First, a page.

THERE has been some stuff falling from the sky in various areas of the country.
Unfortunately, it's not rain.
Southern states have watched as snow has rolled into areas which aren't known as skiing destinations.
But the larger, less exciting story (in terms of headlines at least) going on in the background for many areas, is drought.
It now sweeps across every state and territory to some degree.
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Horticulture crops have a curious relationship with water.
It seems those in the sector, be it field vegetable production, protected cropping, tropical fruit orchards or whatever, have long been funding research into more efficient irrigation methods.
Reports have shown tree crops deliver the most bang for buck in terms of water efficiency.
Could the rest of agriculture be getting a bit jealous of this? Is this why horticulture hasn't generally been given a look in when it comes to drought funding discussions?
Suffering livestock naturally come to mind when dry times are brought up, with good reason.
Living creatures need looking after and that becomes increasingly difficult when water and grass become scarce.
Horticulture suffers as well, though it's not as likely to get a run in the mainstream press.
The Queensland Drought Program Review released in July recognised producers in industries other than extensive livestock production have for too long been ignored in terms of the assistance offered by government.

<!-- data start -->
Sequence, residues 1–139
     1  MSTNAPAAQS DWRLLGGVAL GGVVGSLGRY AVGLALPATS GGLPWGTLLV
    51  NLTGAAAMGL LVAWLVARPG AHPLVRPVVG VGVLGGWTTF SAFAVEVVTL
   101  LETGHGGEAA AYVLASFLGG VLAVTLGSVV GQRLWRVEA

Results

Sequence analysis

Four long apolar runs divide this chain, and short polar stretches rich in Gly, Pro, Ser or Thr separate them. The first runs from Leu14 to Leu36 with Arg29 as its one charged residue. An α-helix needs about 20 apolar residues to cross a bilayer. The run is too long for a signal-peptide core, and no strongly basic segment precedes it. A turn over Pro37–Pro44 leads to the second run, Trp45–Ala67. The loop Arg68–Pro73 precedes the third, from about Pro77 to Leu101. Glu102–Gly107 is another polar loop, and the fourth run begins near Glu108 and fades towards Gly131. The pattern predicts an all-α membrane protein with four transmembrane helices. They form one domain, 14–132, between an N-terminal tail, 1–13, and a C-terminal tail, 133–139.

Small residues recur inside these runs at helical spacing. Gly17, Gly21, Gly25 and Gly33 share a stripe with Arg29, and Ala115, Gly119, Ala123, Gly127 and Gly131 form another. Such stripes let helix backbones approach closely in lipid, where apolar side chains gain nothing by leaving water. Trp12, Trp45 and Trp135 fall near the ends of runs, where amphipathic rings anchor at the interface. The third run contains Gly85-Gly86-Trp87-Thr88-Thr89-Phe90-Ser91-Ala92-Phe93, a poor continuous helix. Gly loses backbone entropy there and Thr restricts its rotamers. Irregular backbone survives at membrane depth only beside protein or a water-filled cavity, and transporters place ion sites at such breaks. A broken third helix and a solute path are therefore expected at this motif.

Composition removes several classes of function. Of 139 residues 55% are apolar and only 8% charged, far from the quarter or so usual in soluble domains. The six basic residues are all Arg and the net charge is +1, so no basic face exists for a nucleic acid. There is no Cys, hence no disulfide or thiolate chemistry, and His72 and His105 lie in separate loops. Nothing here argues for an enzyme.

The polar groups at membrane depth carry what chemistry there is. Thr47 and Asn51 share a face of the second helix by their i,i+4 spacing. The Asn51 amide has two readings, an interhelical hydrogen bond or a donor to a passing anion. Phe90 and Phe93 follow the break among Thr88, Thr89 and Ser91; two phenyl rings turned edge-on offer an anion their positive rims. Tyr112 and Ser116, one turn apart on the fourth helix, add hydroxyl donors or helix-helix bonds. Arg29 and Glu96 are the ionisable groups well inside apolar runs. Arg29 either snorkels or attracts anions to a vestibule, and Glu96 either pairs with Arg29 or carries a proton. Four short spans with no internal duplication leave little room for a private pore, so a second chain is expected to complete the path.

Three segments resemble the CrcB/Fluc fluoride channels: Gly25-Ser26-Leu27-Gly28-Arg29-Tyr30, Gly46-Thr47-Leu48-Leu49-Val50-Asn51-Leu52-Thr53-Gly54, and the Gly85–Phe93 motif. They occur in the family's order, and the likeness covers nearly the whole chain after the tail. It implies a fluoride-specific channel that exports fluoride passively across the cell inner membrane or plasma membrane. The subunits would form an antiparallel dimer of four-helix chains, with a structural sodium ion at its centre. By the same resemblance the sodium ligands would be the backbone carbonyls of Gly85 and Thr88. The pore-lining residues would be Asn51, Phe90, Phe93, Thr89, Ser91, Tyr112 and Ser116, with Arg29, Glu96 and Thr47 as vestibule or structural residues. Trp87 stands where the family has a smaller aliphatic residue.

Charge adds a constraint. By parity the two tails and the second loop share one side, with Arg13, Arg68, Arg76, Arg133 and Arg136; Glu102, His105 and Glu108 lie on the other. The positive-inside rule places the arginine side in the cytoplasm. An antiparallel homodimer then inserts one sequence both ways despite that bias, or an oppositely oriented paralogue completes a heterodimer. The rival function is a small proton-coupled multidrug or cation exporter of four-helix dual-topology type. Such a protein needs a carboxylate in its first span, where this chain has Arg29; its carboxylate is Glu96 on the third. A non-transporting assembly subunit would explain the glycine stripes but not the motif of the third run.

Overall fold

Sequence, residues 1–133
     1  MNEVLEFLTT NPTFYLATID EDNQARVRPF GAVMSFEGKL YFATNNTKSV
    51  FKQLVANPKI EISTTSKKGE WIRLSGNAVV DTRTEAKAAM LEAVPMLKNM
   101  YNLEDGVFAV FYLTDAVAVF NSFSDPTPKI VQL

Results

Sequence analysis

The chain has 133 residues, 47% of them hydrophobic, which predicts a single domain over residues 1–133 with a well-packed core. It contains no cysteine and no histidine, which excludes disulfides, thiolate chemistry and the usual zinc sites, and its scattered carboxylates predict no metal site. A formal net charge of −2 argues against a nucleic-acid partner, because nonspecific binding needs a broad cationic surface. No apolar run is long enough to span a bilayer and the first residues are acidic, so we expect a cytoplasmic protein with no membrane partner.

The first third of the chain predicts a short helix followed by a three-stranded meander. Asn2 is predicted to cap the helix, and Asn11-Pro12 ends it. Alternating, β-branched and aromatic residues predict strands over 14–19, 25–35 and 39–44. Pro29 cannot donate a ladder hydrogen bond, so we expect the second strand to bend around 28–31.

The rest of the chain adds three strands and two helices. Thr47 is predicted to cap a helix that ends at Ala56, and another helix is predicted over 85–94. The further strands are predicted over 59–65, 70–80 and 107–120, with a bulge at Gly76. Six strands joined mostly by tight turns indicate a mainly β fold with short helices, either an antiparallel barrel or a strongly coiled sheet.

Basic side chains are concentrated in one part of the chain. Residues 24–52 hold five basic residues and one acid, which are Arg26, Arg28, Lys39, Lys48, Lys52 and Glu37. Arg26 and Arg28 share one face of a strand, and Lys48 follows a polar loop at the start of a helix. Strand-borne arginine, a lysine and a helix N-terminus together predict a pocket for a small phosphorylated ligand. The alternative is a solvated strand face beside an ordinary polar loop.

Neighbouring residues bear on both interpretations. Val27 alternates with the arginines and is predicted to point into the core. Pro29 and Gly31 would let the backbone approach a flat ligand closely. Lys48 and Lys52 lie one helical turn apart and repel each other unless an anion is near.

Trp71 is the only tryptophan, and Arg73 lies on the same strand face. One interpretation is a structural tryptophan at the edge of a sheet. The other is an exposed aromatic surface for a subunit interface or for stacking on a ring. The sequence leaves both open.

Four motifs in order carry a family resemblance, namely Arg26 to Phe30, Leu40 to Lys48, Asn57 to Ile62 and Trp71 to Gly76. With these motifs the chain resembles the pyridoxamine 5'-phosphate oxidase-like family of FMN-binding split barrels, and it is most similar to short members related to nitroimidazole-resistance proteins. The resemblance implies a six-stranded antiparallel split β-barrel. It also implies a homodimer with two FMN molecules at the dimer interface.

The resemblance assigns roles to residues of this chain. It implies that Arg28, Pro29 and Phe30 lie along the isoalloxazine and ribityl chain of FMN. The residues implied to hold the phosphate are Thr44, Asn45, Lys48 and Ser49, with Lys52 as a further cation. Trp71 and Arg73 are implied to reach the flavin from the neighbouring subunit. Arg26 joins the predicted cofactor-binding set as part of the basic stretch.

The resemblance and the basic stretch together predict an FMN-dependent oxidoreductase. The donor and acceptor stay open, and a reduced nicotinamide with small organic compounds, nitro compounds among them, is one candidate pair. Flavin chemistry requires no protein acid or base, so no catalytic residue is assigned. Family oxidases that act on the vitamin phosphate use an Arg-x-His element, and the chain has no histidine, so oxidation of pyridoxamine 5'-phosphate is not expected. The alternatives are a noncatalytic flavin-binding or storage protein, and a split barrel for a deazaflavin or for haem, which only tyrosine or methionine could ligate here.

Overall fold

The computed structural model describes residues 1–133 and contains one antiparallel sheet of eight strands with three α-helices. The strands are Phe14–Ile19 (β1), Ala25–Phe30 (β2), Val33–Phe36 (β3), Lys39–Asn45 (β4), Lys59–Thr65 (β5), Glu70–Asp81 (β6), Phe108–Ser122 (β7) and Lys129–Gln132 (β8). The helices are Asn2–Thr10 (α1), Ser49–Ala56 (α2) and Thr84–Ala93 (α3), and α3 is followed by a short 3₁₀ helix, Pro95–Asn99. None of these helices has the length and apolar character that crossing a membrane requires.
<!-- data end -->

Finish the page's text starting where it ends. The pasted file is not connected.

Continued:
That's a positive step forward, for Qld producers at least.
Growcom chief executive officer, David Thomson, said the Review could not have come sooner.
"Fruit and vegetable growers are no less affected by this devastating drought than any other primary producer. It's time drought policy and programs became more equitable," he said.
As the profile of horticulture, particularly tree crops, has grown and attracted serious investment money, all of sudden it's on the radar of other more established ag sectors.
A report from water market adviser Aither, commissioned by the Victorian government to investigate the pressures on supply and demand in the connected Murray system found the boom in permanent plantation nut crops is driving water demand up.
This became a big talking point because water may become unaffordable for the highly political industries of rice, dairy and cotton.
Based on the Bureau of Meteorology's grim spring outlook, water is only going to get tighter this summer, so get set for a rise in these sorts of irrigation arguments.
Horticulture, from all perspectives, appears to be well placed to make a case for its incredibly efficient water use compared to other industries.
It's about time it had a seat at the drought discussion table.